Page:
Page:The Outline of History Vol 1.djvu/501

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477
THE TWO WESTERN REPUBLICS

gentleman indeed, a great soldier and a generous man. We have already mentioned a certain P. Cornelius Scipio who struck at Hannibal's base in Spain; this was his son; until after Zama this son bore the same name of P. Cornelius Scipio, and then the surname of Africanus was given him. (The younger Scipio Africanus, Scipio Africanus Minor, who was later to end the Third Punic War, was the adopted son of this first Scipio Africanus the Elder.) Scipio Africanus was everything that aroused the distrust, hatred, and opposition of old-fashioned Romans of the school of Cato. He was young, he was happy and able, he spent money freely, he was well versed in Greek literature, and inclined rather to Phrygian novelties in religion than to the sterner divinities of Rome. And he did not believe in the extreme discretion that then ruled Roman strategy.

After the early defeats of the Second Punic War, Roman military operations were dominated by the personality of a general, Fabius, who raised the necessity of avoiding battle with Hannibal into a kind of sacred principle. For ten years "Fabian tactics" prevailed in Italy. The Romans blockaded, cut up convoys, attacked stragglers, and ran away whenever Hannibal appeared. No doubt it was wise for a time after their first defeats to do this sort of thing, but the business of the stronger power, and Rome was the stronger power throughout the Second Punic War, is not to tolerate an interminable war, but to repair losses, discover able generals, train better armies, and destroy the enemy power. Decision is one of the duties of strength.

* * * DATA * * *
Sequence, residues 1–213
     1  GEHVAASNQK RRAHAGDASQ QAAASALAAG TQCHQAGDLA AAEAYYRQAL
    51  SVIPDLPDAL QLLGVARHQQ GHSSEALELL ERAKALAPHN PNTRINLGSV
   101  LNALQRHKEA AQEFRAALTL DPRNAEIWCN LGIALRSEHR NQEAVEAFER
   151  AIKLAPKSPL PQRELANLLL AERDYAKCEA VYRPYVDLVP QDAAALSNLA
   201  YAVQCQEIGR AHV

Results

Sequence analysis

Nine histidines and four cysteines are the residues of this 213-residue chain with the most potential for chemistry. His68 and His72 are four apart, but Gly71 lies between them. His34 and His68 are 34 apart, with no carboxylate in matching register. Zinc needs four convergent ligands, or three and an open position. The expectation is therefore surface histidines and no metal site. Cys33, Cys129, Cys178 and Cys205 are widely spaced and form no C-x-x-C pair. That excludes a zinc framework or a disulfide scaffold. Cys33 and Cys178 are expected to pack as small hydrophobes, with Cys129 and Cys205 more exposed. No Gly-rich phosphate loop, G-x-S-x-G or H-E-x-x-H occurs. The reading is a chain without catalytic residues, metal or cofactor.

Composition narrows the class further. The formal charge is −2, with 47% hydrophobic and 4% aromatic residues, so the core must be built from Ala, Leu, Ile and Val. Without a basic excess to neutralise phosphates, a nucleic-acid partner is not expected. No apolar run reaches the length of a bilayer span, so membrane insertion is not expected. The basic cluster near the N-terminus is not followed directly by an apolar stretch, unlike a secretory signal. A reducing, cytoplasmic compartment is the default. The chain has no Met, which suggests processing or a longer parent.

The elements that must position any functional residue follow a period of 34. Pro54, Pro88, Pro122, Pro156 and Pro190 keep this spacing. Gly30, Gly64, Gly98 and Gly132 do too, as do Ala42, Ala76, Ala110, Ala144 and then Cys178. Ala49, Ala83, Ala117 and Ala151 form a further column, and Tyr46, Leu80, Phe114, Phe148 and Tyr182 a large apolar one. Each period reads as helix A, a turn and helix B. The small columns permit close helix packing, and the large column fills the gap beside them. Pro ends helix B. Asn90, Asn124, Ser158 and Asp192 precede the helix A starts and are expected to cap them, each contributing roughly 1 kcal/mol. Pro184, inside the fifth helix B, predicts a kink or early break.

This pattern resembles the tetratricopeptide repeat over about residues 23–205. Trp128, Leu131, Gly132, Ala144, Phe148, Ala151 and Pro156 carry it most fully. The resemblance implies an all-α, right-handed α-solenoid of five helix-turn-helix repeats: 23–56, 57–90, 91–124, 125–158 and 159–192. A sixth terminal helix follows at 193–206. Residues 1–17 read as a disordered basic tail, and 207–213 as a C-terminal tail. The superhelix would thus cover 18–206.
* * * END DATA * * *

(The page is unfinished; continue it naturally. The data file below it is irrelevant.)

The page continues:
To such men as young Scipio, the sly, ineffective artfulness of Fabianism, which was causing both Italy and Carthage to bleed slowly to death, was detestable. He clamoured for an attack upon Carthage itself.

"But Fabius, on this occasion, filled the city with alarms, as if the commonwealth was going to be brought into the most extreme danger by a rash and indiscreet young man; in short, he scrupled not to do or say anything he thought likely to dissuade his countrymen from embracing the proposal. With the Senate he carried his point. But the people believed that his opposition to Scipio proceeded either from envy of his success, or from a secret fear that if this young hero should perform some signal exploit, put